State-run Bharat Sanchar Nigam also got Cabinet approval to hive off its tower assets into a separate company. BSNL’s chairman-cum-managing director Anupam Shrivastava told IANS that the valuation of it could be in the region of Rs.20,000 crore ($3 billion).

Among the big-ticket mergers and acquisitions was Reliance Communications’ accord to acquire the Indian telecom business of Russia’s Sistema, which operates under the ‘MTS’ brand, in a unique stock-cum-spectrum-fee payment deal.

The government also allowed spectrum trading in India to help telecom companies to buy and sell unused radio waves from each other, without waiting for the next round of auction. Also, spectrum sharing was allowed by the government, which is expected to improve the quality of telecom services.

Highlights of telecom industry in 2015:

* Biggest spectrum auction over 19 days mopped up $17.6 billion

* Government allowed spectrum trading and sharing

* Watchdog directs operators to compensate for call drops from Jan 1, 2016

* Tariff on national roaming sharply cut

* Service providers gear up for 4G launch

* Global leader Foxconn to invest $5 billion to make devices in India

* Debate starts over net neutrality with draft note awaiting government nod

* Mobile number portability made applicable pan-India

(Aparajita Gupta, IANS)

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Saudi Arabia To Revoke Ban On Skype and WhatsApp Calls

Saudi arabia to remove ban on telecommunication like skype and whatsapp calls, but will keep monitoring it

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Saudi Arabia
source: Pixabay

Saudi Arabia, September 22, 2017: Saudi Arabian government as part of economic reforms is to lift the ban on calls through networking apps Skype and WhatsApp, but will keep an eye on all the calls as stated by the government spokesperson.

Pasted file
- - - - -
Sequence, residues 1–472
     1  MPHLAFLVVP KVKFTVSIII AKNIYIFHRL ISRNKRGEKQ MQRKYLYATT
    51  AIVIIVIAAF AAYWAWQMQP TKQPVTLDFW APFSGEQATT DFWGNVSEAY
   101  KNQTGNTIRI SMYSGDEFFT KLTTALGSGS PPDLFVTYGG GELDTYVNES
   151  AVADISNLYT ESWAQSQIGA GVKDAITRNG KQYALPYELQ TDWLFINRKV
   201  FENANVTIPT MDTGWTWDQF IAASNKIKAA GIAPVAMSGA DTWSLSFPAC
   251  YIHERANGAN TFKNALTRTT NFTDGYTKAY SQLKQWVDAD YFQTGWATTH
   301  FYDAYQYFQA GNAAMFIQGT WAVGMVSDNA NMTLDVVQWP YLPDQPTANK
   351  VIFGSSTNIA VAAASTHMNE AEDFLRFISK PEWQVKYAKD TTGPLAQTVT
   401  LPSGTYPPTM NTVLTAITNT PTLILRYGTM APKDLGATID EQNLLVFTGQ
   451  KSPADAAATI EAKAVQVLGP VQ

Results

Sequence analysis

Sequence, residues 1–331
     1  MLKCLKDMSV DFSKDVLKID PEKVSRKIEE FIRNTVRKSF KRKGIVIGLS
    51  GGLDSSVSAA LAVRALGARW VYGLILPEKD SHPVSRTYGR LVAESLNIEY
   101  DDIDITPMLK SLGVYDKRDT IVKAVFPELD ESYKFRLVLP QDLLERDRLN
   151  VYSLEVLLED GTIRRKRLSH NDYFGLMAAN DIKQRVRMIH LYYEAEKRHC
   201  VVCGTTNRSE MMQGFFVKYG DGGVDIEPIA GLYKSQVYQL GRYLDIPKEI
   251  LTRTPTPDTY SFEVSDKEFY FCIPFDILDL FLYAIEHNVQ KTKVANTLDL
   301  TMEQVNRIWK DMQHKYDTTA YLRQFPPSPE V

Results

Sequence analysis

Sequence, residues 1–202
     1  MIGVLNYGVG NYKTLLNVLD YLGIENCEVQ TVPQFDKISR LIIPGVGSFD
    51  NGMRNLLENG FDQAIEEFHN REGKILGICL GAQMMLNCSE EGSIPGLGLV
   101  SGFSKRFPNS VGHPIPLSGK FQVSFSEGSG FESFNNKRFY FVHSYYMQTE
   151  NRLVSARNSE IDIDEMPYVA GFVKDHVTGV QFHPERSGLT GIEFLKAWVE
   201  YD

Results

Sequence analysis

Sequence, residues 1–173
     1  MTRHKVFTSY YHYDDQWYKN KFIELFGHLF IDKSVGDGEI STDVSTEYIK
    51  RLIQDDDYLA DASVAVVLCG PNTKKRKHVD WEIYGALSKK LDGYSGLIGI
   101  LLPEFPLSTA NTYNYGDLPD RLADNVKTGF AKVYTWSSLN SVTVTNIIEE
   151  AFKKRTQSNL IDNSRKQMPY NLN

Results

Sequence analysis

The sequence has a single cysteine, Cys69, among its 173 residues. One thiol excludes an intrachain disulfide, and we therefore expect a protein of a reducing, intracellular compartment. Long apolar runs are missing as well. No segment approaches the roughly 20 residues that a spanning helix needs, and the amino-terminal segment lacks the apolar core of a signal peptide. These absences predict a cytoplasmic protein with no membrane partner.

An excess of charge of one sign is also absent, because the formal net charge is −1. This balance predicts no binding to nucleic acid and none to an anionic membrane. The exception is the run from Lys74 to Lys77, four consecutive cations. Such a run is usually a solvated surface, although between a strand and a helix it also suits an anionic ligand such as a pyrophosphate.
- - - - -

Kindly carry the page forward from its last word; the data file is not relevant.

The government in order to transform its economy that aids in enlargement of the business and broaden the economy to the low price of oil plans to provide access to other video and audio call services including Facebook messenger and Viber that fulfills the necessities of the regulation of the authorities.

The spokesperson of telecoms regulator of Communications and Information Technology Commission (CITC), Adel Abu Hameed through, Arabiya TV said the idea behind imposing the regulation is to keep away the content that violated the laws of the region and also to keep intact the personal information of the user.

He also added that the apps, both local and global cannot be used in any way without being censored by CITC or monitoring.

The government although have not made it clear as to how they are going to undertake this regulation on end-to-end encryption apps like WhatsApp which do not allow anyone to read the customers’ messages event after the enforcement of the law.

Saudi Arabia banned the widely used services for internet communication from 2013 onwards stating them to be used by the activists against for the norms of the government. The government still keep a check on the restricted content such as gambling sites, pornography, and extremist material.

At the end of May 2017, Saudi Arabia blocked the access to the website of Al Jazeera after the country put an end to all the Qatar links over supporting terrorism and having ties with Iran.

ALSO READSaudi communication and IT authority blocked 68 Percent of 900,000 violated Internet Links in 2016.

However, it is believed that reversing the Saudi Arabian ban can adversely affect the three main telecom operators – Saudi Telecom Co (STC), Etihad Etisalat (Mobily) and Zain Saudi of Saudi Arabia, which has been generating major revenue from international calls.

The Gulf Arab neighbours have also raised concerned about the security in the usage of internet communications.

Censorship over internet increased in Saudi Arabia after ‘Arab Spring’ uprising in 2011.The authorities also claim that they have been using the IP addresses to block around 400,000 websites that could harm the public interest.

– prepared by Abhishek Biswas of NewsGram Twitter: @Writing_desire